Another Nation Is Giving New Parents Free Baby Supplies

Finland’s ‘baby box’ idea seems to be catching on.
(Photo: Taylor S. Kennedy/Getty Images)
Apr 18, 2016· 1 MIN READ
Culture and education editor Liz Dwyer has written about race, parenting, and social justice for several national publications. She was previously education editor at Good.

In 2013, as the United Kingdom celebrated the birth of Prince George, gifts from heads of state for the royal baby poured in from around the world. But there was one present that caught the attention of the international media: a cardboard “baby box” sent to George’s parents, the Duke and Duchess of Cambridge, from Finland’s government.

The package—about 50 items, such as onesies, bibs, bedding, socks, and baby’s first book—has been distributed to new moms in Finland since 1938. The practice has been widely credited with reducing infant mortality in the Nordic nation. Although the British royal family likely didn’t need such supplies, plenty of impoverished parents do. So in the hope of boosting child welfare, Scotland now plans to distribute the boxes.

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“The baby box is such a simple idea but has been proven to have a real impact, reducing child mortality and helping families at the start of a child’s life,” First Minister of Scotland Nicola Sturgeon told the Sunday Mail.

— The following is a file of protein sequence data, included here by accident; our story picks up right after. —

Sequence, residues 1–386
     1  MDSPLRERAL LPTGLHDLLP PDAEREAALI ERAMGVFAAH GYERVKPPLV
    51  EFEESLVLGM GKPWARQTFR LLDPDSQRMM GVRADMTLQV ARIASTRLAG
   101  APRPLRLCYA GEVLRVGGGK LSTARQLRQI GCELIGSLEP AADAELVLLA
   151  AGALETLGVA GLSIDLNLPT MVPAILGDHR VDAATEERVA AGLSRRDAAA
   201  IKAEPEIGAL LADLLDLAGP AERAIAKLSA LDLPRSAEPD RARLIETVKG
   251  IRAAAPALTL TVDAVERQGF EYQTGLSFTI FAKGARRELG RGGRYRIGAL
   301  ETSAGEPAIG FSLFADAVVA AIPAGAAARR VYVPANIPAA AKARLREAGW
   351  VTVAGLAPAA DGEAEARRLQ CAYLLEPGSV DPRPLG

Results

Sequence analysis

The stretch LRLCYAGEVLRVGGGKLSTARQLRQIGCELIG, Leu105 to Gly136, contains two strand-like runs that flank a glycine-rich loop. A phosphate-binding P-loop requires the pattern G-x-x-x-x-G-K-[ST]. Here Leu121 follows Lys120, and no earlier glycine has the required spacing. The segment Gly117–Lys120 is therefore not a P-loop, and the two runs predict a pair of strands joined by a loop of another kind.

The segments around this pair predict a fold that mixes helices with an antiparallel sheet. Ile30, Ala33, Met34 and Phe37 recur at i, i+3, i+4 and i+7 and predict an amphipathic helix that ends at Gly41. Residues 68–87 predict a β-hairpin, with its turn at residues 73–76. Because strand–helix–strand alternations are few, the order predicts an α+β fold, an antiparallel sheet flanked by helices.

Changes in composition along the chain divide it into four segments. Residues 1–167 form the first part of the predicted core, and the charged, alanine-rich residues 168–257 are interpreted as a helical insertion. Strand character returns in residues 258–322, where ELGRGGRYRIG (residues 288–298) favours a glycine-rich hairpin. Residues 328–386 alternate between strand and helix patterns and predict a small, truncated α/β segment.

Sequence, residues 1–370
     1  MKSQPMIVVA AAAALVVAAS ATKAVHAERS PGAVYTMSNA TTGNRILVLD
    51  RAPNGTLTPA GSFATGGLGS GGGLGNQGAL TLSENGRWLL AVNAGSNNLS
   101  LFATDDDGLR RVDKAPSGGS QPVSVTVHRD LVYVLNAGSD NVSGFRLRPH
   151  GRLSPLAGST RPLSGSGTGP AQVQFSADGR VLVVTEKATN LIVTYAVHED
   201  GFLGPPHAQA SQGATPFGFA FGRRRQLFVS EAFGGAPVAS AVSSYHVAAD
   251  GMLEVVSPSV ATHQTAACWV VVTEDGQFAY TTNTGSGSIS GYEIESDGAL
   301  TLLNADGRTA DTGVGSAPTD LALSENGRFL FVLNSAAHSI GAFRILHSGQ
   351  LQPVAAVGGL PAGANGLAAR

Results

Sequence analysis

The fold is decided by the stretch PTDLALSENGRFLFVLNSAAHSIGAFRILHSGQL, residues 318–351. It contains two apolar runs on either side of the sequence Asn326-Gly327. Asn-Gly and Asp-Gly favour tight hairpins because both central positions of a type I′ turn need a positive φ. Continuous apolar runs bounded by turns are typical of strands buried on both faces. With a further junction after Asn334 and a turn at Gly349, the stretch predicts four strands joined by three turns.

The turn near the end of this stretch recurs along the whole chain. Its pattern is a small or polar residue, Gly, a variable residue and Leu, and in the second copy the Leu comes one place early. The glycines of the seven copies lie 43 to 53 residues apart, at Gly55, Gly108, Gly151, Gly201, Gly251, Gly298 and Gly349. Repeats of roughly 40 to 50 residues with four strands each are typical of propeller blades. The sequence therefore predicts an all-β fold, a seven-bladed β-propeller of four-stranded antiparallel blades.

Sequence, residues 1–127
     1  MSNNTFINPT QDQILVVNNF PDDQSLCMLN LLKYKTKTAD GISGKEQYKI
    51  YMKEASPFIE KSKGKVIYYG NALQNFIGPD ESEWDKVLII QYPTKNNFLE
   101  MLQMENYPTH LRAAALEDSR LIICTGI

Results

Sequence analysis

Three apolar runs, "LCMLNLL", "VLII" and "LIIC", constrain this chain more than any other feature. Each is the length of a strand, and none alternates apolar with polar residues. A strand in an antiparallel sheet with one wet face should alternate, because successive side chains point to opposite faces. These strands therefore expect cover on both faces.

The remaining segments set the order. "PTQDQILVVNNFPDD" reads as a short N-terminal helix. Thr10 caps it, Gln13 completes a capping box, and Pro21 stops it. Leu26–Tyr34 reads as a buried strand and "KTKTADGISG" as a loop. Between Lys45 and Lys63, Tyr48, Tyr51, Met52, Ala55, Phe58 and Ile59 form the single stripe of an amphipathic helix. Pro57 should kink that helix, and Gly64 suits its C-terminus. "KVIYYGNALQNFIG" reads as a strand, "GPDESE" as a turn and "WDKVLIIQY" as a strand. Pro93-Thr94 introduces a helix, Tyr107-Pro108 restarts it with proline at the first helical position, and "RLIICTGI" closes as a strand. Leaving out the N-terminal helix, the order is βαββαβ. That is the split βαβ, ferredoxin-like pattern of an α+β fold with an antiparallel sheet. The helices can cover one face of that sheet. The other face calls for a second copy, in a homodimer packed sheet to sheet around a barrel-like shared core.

In Finland, if a family couldn’t afford a bassinet or crib, the infant could safely sleep in the box itself. Now it’s become tradition for even babies in well-off families to sleep in their boxes for the first few months. Sudden infant death syndrome was contributing to Finland’s high rate of infant mortality—10 percent of children there once died before reaching their first birthdays. Now it’s down to 0.2 per cent, according to The Guardian.

About 0.37 percent of infants die from crib death in Scotland. Sturgeon sees the box as not just a means of lowering that number, but also as a tool to boost the overall welfare of Scottish kids. According to a study released last year, 1 in 10 Scots live in severe poverty.

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“By providing every newborn with a baby box, we can help child health—and by providing greater support to new families, we will also help to tackle child poverty and improve the chances of some of our most deprived children,” said Sturgeon.

Given that perspective, it seems a baby box could be useful in the United States as well. Roughly 22 percent of American children live in poverty. But given that politicians in the U.S. are wrangling over giving minimum-wage-earning moms and dads diapers and parental leave, the chances of the government distributing free boxes of baby supplies seem slim.